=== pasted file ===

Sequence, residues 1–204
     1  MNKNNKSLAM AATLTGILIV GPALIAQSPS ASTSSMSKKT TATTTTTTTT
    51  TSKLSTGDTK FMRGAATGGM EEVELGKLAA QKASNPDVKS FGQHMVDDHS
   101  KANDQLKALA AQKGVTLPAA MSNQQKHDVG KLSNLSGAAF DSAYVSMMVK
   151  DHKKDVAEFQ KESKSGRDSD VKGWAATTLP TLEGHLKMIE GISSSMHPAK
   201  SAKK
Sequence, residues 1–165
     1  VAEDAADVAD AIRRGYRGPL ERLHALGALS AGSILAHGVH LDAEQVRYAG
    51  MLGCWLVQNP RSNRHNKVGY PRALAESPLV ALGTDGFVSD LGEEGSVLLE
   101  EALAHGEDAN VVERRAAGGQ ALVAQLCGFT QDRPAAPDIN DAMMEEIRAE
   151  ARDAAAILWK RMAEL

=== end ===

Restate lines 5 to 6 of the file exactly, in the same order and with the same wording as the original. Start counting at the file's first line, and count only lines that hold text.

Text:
   151  DHKKDVAEFQ KESKSGRDSD VKGWAATTLP TLEGHLKMIE GISSSMHPAK
   201  SAKK